Toyota recalls over one million vehicles for air bags, wipers.
The AP (1/31, Kageyama) reports that Toyota is “recalling 907,000 cars, mostly Corollas, due to air bags that can improperly inflate when the vehicle's electronic signals damage a chip in the part that controls the air bags. It also is recalling 385,000 Lexus IS luxury cars with wipers that can get stuck if there is heavy snowfall.” While Toyota had initially said there were no accidents related to the problem, a spokesperson on Wednesday said that there were two crashes in the US related to the air bag problem. In addition, Toyota has confirmed 18 cases of injuries form the air bag problem and a total of “46 reports of problems involving the air bags from North America, and one from Japan, and 25 reports of problems related to the windshield wipers.”
USA Today (1/30, Woodyard, 1.71M) reports, “Toyota says the air bag control module for the supplemental restraint system in the Corolla and Corolla Matrix vehicles could have been manufactured with faulty circuit boards. If it malfunctions, it could cause a short, causing a buildup of heat or potentially causing the air bags or seat belt pretensioners to deploy when there hasn't been a crash.” While “in the case of the wiper blades on the Lexus IS, the loose nut could cause the wipers to fail if they encounter a heavy load that puts them under pressure, like the buildup of snow, Toyota says.”
The Los Angeles Times (1/30, Hirsch, 692K) notes that “Toyota has had a series a large recalls in recent years and has paid record federal fines for not recalling its vehicles fast enough. But that doesn't seem to bother buyers.”
The Detroit News (1/31, Shepardson, 119K) reports that the investigation into the air bags “began in August when the National Highway Traffic Safety Administration asked other automakers for information on air bag malfunctions using the chip that was used in Chrysler Jeep Liberty SUVs that were under investigation.”
Also reporting on the recall are the New York Times (1/30, Jensen, 1.68M), the Christian Science Monitor (1/30, Velasco, 47K), the Washington Times (1/31, Chumley, 76K), Cars (1/30), WUSA-TV Washington (1/31), the Detroit Bureau (1/31), and WWJ-TV Detroit (1/30).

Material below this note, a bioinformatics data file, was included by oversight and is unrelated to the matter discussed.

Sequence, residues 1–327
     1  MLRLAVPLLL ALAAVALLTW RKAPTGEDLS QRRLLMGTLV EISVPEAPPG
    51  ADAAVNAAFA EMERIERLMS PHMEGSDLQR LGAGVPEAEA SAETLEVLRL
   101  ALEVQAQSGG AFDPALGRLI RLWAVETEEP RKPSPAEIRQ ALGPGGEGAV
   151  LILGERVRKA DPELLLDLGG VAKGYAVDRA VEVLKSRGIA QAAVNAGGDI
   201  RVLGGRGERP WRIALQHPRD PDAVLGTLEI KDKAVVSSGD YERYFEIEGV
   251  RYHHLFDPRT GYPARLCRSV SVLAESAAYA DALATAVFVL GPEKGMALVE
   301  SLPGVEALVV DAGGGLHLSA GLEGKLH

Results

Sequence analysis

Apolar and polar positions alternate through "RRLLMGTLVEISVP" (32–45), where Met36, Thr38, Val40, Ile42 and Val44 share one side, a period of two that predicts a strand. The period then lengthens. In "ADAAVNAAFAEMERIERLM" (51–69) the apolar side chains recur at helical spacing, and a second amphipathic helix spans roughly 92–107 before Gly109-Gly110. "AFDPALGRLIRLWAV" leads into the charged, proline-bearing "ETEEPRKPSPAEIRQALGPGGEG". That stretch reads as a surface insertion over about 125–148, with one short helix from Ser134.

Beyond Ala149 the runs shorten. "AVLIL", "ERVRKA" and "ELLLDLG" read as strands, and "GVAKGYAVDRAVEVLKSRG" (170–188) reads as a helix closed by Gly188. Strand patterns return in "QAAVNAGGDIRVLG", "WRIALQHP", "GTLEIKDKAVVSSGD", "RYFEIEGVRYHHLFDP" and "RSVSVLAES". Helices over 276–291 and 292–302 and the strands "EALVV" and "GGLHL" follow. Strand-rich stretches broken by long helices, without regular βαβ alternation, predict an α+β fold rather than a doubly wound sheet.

FDA warns company over unapproved nasal spray.
In continuing coverage, USA Today (1/31, Weise, 1.71M) reports that the FDA sent a warning letter to Boca Raton, Florida-based Flu & Cold Defense LLC, saying its GermBullet “nasal spray's claim that it is 'laboratory tested and shown to reduce illness-causing bacteria, cold and flu viruses' is a 'false and misleading promotional statement.'” The FDA says the company is selling GermBullet over the counter, illegally, because despite claims that the drug can “treat or cure” influenza, Flu & Cold Defense has never submitted trial data and an application for approval of the product as a drug to the FDA. The company has 15 days to respond to the agency's allegations. Meanwhile, the FDA's Center for Drug Evaluation and Research, Compliance Office Director, Howard Sklamberg said that if Flu & Cold Defense “continues to make unsubstantiated claims about the product, the agency may take enforcement action that could include seizure of the drug or criminal prosecution.”
Another pet-food company removes dog treats containing Chinese chicken from shelves.
ABC News (1/31, Galli) reports on its website that “another major pet food company has pulled dog treats that use Chinese chicken from shelves after finding residue of illegal antibiotics. Hartz Mountain, which manufactures Hartz Chicken Chews and Hartz Oinkies Pig Skin Twists wrapped with Chicken, has pulled both products off the market, saying they contain trace amounts of an antibiotic not approved for use in the U.S.” According to the ABC News website, “earlier this month, Del Monte and Nestle Purina voluntarily pulled chicken jerky pet treats made in China off the market after the New York State Department of Agriculture found possible contamination by an antibiotic illegal in the U.S. in Del Monte's Milo's Kitchen products and in Nestle Purina's Waggin' Train and Canyon Creek Ranch treats.”